The rarest of them all: bargain Pinot Noir.
From AU$26.24, $21.99, £19.41, 229.90 Norwegian kroner, 3,800 Japanese yen, €24.90, SG$45
I defy anyone to find better-value Pinot Noir than these two made by Heirloom in the Adelaide Hills. A recent encounter with the 2022 vintage of the white-label bottling (the picture above comes from their Instagram) reminded me how they deliver the full potential of this most capricious grape. It is pinpoint Pinot, with all the high-fidelity red fruits you could wish for, plus instant complexity and supreme persistence that are normally associated with bottles many times more expensive.
There is perhaps one proviso: you need to like the whole-bunch style of winemaking, and the signature flavours that creates. For avoidance of doubt: yes, I very much do. For me, this is key to the instant complexity of such Pinot Noirs. The 2022 that I tasted has a tomato-stalk sappiness which opens the wine, giving greater brightness and clarity to the flavours. It must always be balanced, of course, and there is no shortage of crunchy red-fruit flavour from the skin and pulp to keep the stemminess in check.
I asked Heirloom founder Elena Brooks (pictured above-right, next to winemaker Alexandra Haselich, again taken from Instagram) about the usage of whole-bunch in their vinification. 'I have always thought that Adelaide Hills [Pinot Noir] must have whole bunch, otherwise the wine will look like a dry red [an Australian term for generic blended red wine]. Whole bunch complexes the fruit both on the nose and the palate and it adds to the complexity of tannins as well.'
The white-label bottling contains 50% whole-bunch fruit. I wondered whether they make any choices related to lignification (the woodiness of the stems), either at harvest or during fermentation? 'This is a difficult question, as the vineyards perform differently every year. I like working with a few different clones, and the final wine is a blend between them, chasing perfume and style. For example, 115 always gives us lots of cherries, great colour depth, so we can be confident when using whole bunch. 114 is lighter in colour and fruit, but has a tighter palate, and this one is a bit dangerous when using whole bunch. 777 is a great clone, but I do not have much of it.'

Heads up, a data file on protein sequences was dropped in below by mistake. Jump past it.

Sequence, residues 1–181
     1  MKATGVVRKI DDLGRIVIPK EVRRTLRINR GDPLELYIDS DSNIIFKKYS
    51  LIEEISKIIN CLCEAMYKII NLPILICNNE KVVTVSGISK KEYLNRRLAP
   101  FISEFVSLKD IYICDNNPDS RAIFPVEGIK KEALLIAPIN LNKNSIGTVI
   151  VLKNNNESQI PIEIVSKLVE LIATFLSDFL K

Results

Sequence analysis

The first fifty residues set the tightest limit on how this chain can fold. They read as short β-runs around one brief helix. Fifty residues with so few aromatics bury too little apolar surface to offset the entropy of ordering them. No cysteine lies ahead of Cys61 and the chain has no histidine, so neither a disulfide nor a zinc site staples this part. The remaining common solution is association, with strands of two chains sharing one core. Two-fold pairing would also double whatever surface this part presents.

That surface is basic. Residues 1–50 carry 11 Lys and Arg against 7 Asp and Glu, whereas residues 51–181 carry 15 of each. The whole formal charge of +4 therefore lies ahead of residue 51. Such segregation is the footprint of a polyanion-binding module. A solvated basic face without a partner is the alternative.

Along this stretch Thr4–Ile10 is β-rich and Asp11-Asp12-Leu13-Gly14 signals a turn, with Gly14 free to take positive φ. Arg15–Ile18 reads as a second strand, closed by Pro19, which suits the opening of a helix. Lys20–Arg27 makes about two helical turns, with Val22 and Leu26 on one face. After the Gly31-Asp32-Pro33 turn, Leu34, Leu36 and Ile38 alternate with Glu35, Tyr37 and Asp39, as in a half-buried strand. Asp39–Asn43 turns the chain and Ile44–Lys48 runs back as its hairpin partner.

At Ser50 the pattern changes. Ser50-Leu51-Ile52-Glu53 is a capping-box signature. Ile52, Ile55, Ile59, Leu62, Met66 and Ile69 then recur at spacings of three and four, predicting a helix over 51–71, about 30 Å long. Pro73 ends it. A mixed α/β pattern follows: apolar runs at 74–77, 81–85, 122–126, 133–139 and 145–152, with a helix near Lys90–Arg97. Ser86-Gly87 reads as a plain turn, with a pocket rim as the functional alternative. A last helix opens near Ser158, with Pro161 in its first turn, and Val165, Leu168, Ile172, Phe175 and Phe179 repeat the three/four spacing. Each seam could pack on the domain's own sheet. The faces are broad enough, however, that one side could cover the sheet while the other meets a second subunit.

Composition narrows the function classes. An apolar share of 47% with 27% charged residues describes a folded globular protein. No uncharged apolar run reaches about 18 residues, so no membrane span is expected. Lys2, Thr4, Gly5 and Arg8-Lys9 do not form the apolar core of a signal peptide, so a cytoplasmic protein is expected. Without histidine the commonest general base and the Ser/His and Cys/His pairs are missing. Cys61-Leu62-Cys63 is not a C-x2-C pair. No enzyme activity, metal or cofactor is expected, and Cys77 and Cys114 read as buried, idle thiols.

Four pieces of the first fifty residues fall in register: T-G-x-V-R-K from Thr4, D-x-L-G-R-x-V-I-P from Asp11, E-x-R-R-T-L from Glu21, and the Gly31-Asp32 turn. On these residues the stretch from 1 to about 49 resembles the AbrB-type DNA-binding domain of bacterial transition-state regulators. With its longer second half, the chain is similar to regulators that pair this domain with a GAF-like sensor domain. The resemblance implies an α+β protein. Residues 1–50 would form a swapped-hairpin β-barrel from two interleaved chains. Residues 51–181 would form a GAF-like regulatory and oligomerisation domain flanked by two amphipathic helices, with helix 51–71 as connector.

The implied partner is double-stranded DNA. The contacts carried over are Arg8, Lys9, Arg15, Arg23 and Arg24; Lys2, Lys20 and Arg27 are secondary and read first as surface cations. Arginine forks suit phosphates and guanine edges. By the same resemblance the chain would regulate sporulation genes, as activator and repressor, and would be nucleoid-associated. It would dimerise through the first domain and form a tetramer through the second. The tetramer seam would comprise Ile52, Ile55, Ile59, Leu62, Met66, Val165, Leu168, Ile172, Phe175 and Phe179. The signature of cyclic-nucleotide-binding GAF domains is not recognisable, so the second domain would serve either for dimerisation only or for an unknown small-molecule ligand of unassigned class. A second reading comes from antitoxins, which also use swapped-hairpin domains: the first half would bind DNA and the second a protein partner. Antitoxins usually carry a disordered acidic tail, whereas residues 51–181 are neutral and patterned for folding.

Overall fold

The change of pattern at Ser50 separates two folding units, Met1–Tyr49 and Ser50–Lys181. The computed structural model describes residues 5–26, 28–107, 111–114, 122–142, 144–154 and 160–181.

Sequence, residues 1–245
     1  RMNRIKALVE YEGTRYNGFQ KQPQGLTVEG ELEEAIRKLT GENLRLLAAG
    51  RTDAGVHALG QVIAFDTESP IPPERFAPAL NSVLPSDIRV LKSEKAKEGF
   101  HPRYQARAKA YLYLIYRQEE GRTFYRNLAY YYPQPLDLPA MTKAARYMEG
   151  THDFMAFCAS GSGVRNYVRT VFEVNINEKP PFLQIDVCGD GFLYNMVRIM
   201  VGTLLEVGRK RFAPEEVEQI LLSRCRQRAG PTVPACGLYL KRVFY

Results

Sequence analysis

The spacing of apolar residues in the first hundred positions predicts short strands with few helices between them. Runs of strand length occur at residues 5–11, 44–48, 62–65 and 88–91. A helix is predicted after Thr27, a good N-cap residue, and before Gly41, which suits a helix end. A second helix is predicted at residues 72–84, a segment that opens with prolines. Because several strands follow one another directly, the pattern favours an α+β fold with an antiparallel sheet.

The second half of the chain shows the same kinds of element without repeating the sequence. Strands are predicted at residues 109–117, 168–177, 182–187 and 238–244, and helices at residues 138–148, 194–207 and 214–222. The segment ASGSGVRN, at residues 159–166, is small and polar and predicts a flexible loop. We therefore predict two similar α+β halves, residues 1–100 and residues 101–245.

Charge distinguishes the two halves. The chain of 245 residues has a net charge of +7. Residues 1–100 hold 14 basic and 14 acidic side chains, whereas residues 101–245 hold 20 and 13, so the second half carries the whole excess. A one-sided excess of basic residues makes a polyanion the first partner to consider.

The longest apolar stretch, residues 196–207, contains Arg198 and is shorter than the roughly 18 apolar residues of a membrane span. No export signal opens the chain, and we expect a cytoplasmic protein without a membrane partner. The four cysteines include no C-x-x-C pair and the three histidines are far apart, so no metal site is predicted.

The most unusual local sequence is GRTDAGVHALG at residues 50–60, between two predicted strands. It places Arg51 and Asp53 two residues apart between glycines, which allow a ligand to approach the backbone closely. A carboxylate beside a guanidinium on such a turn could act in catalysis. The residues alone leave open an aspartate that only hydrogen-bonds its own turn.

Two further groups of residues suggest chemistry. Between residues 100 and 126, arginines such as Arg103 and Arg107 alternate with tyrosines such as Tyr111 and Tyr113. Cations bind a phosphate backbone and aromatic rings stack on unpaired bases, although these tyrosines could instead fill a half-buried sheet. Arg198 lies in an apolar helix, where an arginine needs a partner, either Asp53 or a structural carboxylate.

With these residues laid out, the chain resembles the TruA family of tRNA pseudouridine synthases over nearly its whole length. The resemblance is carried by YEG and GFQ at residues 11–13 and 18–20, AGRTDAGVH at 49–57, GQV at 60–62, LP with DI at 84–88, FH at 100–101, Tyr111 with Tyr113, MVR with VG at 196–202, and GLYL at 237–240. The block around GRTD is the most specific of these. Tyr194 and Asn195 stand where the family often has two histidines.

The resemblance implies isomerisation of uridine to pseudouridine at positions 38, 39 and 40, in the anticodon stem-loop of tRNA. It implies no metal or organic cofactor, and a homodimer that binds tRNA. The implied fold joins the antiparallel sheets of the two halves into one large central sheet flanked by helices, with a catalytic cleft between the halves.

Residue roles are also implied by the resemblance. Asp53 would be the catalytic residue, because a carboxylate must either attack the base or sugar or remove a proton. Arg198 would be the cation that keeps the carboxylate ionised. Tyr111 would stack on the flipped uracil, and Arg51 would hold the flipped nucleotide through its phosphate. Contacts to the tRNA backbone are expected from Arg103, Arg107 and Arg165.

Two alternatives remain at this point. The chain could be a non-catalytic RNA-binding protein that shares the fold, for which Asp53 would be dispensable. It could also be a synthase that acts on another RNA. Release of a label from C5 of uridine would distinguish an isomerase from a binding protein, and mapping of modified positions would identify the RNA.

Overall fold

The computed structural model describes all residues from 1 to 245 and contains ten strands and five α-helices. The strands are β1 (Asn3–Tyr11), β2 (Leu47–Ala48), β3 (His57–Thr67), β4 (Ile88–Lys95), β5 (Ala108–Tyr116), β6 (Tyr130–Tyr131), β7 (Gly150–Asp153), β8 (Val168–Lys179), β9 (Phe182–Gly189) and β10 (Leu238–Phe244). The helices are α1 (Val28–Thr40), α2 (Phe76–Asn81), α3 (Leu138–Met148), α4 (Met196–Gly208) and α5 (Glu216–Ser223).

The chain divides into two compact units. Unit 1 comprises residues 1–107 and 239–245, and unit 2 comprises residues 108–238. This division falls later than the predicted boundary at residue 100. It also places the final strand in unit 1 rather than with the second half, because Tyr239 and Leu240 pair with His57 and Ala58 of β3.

Each clone evidently ripens at a different rate, providing a whole bunch of different options. All the fruit comes from the Kersbrook region of the Adelaide Hills, which you can see at the northern end of the map taken from our online version of the World Atlas of Wine. Heirloom don't own the vineyard, but have been using the same fruit since the first vintage 13 years ago, and 'we are still learning about the best sites and clones'.
Aside from the whole-bunch element, it sounds like a straightforward fermentation, with gentle maceration in open fermenters (to avoid bitterness), basket-pressing (see the press entry in your online Oxford Companion) and seven months of maturation in used French oak. The Velvet Fog cuvée is slightly different, however, with 'darker fruits, a little more oak and only 30% whole bunch'. That wine is primarily available in the US, presumably optimised for slightly different consumer preferences.
Both are the same bargain price, however. I asked Brooks about that too. She said that they first made the wine because they couldn't afford to keep drinking burgundy, which might sound light-hearted but is all too believable, sadly. There is 'huge pressure [on pricing], and in the last few years more so; between increased demand for Pinot Noir and a few small vintages. We are looking at increasing the price just a little.'
In case you still needed a call to action, there it is: one of the world's best-value Pinot Noirs won't be getting any cheaper. See my score and full tasting note on the 2022 vintage.
Want to know more about whole-bunch fermentation? This Oxford Companion to Wine entry tells you everything you need to know.